As the Aaron Rodgers rumors swirled and the offseason drama dragged on, there was a period where it looked like the reigning MVP’s time with the Packers was over and the NFC North was going to be up for grabs.
At least, that was until Rodgers ended the stalemate with the front office and returned to the team when training camp began in late July, meaning the road to the conference crown will once again run through Green Bay.
With Rodgers under center, the Packers have dominated the division — winning it seven times in the last 10 years — and are favored to maintain their stranglehold with a third straight conference title.
Chasing them are the Vikings, a squad looking to bounce back from its first losing season since 2014, a Bears team that’s dealing with a quarterback quandary and a rebuilding Lions crew that’s looking to avoid a fourth consecutive campaign with 10-plus losses.
Here’s a look at how the NFC North break downs heading into the 2021 season (in predicted order of finish):
Green Bay Packers
► Last season’s record: 13-3
► Key additions: LB De’Vondre Campbell, C Josh Myers, WR Amari Rodgers, CB Eric Stokes
► Key losses: LB Christian Kirksey, C Corey Linsley, OT Rick Wagner, RB Jamaal Williams
► Outlook: Despite the offseason turmoil, the Packers returned most of their key starters and are geared up to make another deep playoff run. With All-Pro WR Davante Adams, Pro Bowl RB Aaron Jones and Rodgers back in the fold, the Packers will likely have one of the NFL’s most potent offenses again. But after losing in the NFC Championship Game each of the last two seasons, the key to breaking through lies with the defense, which will look to take another step and become more consistent under new coordinator Joe Barry. Given Rodgers’ uncertain future, this may be the franchise’s best shot at reaching the Super Bowl for some time.
► Last season’s record: 7-9
► Key additions: CB Bashaud Breeland, OT Christian Darrisaw, CB Patrick Peterson, DT Dalvin Tomlinson, DT Sheldon Richardson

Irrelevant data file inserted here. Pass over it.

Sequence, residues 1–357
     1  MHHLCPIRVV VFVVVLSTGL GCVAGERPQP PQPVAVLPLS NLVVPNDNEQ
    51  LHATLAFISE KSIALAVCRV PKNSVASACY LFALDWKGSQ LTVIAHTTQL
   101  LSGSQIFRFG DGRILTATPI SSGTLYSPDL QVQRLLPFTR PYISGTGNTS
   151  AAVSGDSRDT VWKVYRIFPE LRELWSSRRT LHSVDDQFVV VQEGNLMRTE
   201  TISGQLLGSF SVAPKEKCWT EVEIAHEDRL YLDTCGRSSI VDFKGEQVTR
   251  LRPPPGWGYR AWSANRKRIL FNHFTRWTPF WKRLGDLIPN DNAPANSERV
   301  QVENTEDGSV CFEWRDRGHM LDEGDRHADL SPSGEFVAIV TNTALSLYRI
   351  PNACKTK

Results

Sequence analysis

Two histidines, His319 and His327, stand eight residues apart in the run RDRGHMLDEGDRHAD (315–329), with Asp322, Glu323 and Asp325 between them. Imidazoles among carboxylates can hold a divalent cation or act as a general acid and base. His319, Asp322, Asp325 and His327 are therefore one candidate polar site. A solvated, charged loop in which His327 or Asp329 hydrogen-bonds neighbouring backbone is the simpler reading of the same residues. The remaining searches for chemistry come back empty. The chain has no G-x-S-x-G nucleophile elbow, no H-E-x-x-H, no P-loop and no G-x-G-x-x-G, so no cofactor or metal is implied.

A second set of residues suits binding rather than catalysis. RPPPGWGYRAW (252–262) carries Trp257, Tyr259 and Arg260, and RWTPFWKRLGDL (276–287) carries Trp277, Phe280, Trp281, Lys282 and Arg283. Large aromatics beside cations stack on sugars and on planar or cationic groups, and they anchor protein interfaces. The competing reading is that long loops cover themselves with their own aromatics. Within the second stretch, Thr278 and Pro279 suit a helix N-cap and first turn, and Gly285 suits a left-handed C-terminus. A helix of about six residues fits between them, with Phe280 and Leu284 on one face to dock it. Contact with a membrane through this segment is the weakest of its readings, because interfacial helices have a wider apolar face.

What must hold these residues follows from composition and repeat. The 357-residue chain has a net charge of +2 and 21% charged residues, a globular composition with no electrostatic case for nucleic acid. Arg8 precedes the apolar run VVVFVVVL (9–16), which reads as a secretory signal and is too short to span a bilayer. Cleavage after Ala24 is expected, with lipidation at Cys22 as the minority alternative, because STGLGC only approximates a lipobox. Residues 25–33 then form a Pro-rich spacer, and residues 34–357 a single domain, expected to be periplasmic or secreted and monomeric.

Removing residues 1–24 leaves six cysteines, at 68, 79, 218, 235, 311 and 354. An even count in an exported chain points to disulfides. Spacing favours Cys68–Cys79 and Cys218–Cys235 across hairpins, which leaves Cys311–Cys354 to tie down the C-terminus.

► Key losses: S Anthony Harris, OT Riley Reiff, TE Kyle Rudolph, LB Eric Wilson
► Outlook: Since 2015, the Vikings have made the playoffs every other year. In order to keep the trend going, they’ll need to get back to a familiar formula — pairing a staunch defense with a run-heavy attack. Last season, the offense held up its end of the bargain behind RB Dalvin Cook, WR Justin Jefferson and WR Adam Thielen. The blame fell on the defense, which took a major step back and ranked near the bottom of the league in points allowed. If the defense can return to form and the offense can produce like it did last year, the Vikings will have a shot to dethrone the Packers.
► Last season’s record: 8-8
► Key additions: QB Andy Dalton, QB Justin Fields, OT Teven Jenkins
► Key losses: CB Kyle Fuller, LT Charles Leno Jr., RT Bobby Massie, QB Mitchell Trubisky
► Outlook: After four years of mediocre QB play, the Bears decided to move on from Trubisky, replacing the former No. 2 overall pick by signing Dalton and moving up to draft Fields. The hope is one of those moves will help boost an offense that has ranked in the league’s bottom half in total yards and points scored each of the past two seasons. Regardless of how the QB situation shakes out, the Bears will hang their hat on the Khalil Mack-led defense, which figures to remain a strength despite the unit’s regression the last two years.
► Last season’s record: 5-11
► Key additions: DT Michael Brockers, QB Jared Goff, OT Penei Sewell, RB Jamaal Williams, WR Tyrell Williams
► Key losses: WR Kenny Golladay, RB Kerryon Johnson, WR Marvin Jones Jr., K Matt Prater, QB Matthew Stafford
► Outlook: The Lions hit the reset button and brought in a new regime after ex-coach Matt Patricia and his version of “The Patriot Way” flamed out in Detroit. Stafford, the longtime starter, was shipped to L.A. in a trade that involved Goff, who has a chance to prove he’s more than a one-year stopgap. But with a lackluster cast of receivers, the hope is the offense can at least boast a respectable ground game, led by D’Andre Swift, behind a solid O-line. Defensively, the Lions have no place to go but up under first-year coach Dan Campbell following last season’s historically poor performance.